Blacksheep fattie

After ten years with Fort Collins custom ti bike builder, Black Sheep, Todd Heath is moving on.  

The Next Chapter –

As many have heard I am leaving the Black Sheep family to start my own. This has given me some time to reflect. Here is a bit of my story.
I was a senior in high school in 2003. I had a teacher, Dustin Dike who had briefly worked at Moots and could see I was enthusiastic about bikes, especially the process of design and construction. At the time he knew I was looking for a job and I was ready to learn some real skillz. As fate may have it Dustin was introduced to James Bleakley in the line at the grocery store. Dustin asked if James needed an apprentice and James graciously accepted me into his workshop.
I came on to Black Sheep as a young company operating out of James’ two car garage. At the time it was partially filled with a mill and weld station while the other half was a 60’s VW transporter in restoration. I could see that this was a place where cool things happened. I worked sporadically with James for about a year making fixture parts and mitering some tube sets. I really liked the work but could see my formal training was highly lacking. I wanted to know the process from its beginning, so I took a hiatus and hit the books for a while. Flash forward a couple years and I had graduated from a local trade school with a machining and welding degree. 
Feeling much more qualified, I rang up James and inquired if he could use some help. Lucky for me he was looking for someone to make frame jigs and weld fixtures. Having upgraded to a three car garage and now a 63’ double cab as a project vehicle, James was ready for a bit more help. I spent 6 months working in trade to get my first Ti bike, a 26” hard tail that finally allowed me to see what “Mountain Biking” really was. Under James’ tutelage I began to understand the process and became more and more passionate about how cutting, machining, and welding metal could form these magical vessels that propelled me to amazing places. During this period, my friend Chris Sulfrian was also interning with James. He was helping cut tube sets and assembling bikes. Eventually Chris moved to Denver to start Generic Cycles and has since been critical in the formation of REEB cycles. Chris’ departure opened up more time for me to cut tube sets and expand my capacity as a fabricator.
At that point Black Sheep was a part time gig for James. James was doing contract work for many other companies such as da Vinci, Dean, and Funk. As time went on, James and I began to form a partnership that was more efficient and allowed us to dedicate all our time to it. In 2007 James ended his contracts with all the other companies and we made Black Sheep our full priority. As each year passed James and I pushed ourselves to make better bikes and take on more adventurous designs and projects. Various other assistants came in to help out from time to time such as Jason Shelman and Matt Kronwall. After several years of a myriad of workers one finally made his mark on the brand that still shines today.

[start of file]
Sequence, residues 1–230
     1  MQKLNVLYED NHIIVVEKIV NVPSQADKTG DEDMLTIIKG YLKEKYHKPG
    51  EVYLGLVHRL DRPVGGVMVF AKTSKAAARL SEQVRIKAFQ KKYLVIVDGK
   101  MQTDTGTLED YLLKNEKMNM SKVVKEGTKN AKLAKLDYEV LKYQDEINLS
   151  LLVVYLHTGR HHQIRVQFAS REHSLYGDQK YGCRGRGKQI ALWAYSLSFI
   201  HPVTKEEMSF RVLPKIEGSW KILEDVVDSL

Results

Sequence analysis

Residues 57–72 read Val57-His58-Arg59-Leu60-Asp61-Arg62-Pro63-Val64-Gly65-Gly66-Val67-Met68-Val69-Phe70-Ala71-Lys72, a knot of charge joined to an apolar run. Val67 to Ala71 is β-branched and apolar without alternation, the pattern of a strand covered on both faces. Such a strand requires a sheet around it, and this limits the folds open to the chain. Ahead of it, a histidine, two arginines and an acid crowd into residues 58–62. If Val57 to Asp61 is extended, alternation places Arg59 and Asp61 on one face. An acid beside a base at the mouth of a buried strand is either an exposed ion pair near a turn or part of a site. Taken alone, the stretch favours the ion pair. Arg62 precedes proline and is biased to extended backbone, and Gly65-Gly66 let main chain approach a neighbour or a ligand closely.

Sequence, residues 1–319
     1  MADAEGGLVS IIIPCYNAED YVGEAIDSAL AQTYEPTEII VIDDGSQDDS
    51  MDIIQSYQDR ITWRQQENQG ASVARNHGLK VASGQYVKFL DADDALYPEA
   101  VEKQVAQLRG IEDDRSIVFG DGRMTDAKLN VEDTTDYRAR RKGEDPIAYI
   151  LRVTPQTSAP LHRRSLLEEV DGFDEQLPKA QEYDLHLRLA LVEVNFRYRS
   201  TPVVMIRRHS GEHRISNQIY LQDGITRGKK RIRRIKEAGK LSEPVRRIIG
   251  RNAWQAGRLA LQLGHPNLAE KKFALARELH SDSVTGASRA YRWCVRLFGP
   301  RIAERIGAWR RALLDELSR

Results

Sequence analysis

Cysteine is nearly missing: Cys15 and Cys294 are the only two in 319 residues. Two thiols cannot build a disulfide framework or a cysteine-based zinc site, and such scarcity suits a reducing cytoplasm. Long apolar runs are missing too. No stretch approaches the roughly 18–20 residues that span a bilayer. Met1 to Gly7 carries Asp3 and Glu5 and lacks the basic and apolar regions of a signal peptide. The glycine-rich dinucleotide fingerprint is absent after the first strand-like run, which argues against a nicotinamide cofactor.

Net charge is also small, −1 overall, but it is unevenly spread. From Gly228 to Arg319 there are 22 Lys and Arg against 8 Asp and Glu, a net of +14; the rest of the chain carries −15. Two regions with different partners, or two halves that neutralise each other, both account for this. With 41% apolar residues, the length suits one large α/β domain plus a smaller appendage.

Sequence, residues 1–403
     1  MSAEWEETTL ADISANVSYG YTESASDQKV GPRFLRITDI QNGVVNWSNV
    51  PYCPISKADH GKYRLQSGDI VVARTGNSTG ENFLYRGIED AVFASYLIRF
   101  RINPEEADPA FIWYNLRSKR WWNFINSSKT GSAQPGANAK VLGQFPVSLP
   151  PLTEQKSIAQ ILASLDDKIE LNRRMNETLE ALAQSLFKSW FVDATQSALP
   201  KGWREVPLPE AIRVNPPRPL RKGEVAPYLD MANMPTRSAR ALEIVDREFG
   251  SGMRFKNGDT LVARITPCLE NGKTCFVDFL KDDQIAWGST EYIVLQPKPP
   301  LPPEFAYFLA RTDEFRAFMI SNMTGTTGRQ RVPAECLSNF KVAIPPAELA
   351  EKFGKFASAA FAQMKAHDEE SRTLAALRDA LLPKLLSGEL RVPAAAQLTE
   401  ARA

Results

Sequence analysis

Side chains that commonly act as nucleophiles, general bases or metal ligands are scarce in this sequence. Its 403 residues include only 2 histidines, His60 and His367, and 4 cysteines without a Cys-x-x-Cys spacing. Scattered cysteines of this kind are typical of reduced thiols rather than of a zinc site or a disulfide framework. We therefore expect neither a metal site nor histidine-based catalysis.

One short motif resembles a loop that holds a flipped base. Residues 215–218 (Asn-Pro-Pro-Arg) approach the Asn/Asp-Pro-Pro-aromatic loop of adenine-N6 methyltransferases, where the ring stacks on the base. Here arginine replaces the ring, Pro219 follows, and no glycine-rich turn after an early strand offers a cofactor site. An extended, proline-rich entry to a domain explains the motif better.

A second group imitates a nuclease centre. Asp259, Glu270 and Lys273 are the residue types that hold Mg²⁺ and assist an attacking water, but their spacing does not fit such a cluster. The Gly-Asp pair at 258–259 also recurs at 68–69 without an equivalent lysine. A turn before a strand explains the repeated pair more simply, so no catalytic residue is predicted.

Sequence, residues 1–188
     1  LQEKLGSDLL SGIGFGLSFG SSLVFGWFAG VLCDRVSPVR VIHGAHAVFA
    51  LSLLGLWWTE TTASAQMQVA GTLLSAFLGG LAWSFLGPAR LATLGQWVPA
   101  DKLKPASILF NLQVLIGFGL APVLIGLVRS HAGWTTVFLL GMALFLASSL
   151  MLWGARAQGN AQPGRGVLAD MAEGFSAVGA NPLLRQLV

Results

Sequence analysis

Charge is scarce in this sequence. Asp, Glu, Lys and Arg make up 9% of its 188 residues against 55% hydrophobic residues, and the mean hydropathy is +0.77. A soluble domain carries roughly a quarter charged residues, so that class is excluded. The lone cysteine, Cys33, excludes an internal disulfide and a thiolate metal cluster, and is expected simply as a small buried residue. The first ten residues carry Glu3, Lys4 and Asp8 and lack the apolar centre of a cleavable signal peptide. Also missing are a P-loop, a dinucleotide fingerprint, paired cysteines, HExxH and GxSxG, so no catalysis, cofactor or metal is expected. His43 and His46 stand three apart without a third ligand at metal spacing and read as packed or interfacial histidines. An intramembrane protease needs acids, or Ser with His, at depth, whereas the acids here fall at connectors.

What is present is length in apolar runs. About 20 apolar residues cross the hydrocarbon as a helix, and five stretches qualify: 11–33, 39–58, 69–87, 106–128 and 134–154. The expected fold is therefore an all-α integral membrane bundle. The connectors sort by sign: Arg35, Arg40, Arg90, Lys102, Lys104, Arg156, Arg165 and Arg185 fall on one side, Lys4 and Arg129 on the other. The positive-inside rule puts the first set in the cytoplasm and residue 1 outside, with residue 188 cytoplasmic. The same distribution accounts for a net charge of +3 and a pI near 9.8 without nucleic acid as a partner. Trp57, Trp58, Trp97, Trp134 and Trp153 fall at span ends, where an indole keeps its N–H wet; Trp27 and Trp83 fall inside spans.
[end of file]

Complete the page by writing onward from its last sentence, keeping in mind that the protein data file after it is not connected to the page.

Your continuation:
Paul Knowles was on a west coast directed road trip and happen to get stuck in Fort Collins. He came on as an enthusiastic mechanic with a back ground in carpentry but quickly came to understand the Blacksheep finishbike building process. With James’ top notch welding and my critical eye for fabrication, we were only lacking the proper finish on our bikes. Paul easily filled that gap. Paul has taken Ti finishing, etching, and masking to another level. If you have admired Black Sheep’s signature finish, blast master Paully D is the man to thank. With the three of us working away we were able to expand into Black Sheep’s current location. This space provided more room to grow. Not having another VW in refurb also made it easier. 
Over the years we have been blessed with fantastic customers, challenging new projects, and recognition of our craft from various outlets like the North American Handmade Bike Show. I am incredibly proud of the work we have done and see each passing season as a milestone on which we have gauged our advancement in bicycle building.
After ten years at Black Sheep I have now decided to move on in order to pursue my own brand. I have enjoyed my time immensely and know that this is an experience that has shaped the course of my life. Black Sheep has given me a chance to practice a skill and helped me to see where that skill can take me. This experience has also shown me how profound building something that ultimately gives you freedom to see the world can be. I cannot express how thankful I am of this opportunity and hope that Black Sheep continues to make its mark on the custom bike world. This has been a dream come true.
I would like to thank- James, Paul, and all the other people who helped make Black Sheep a reality. All the customers and fans that gave us support and encouragement. My amazing family and friends. My biggest fan and unconditional support, Jess -no other comes close. I would also like to thank Ryan Mckee, Jason Trujillo, Chris Winn, and the rad folks at New Belgium Brewing. Oskar Blues- Dale and Chad- These guys still have one of the coolest bikes we have ever made. Jason Oakes, Mark Norstad, and all the Ti producers out there- Thanks for making this wonder material accessible. Steve McGuire and the crew at the University of Iowa- Sharing my experience has been more rewarding than anything I could have imagined. To the dudes who inspire- Don McClung, Alexi Dold, Kent, Jeff J, Curtis, Bruce, Reynold Yip, Sean Walling, Jeremy Sycip, Sacha, and anyone else who has dared to pick up a torch and make something functionally beautiful- I follow your path in hope to find my own. There are many, many more to add to this list. Thank you all!
“Success is liking yourself, liking what you do, and liking how you do it” –Maya Angelou
To the Moon and beyond,
Todd Heath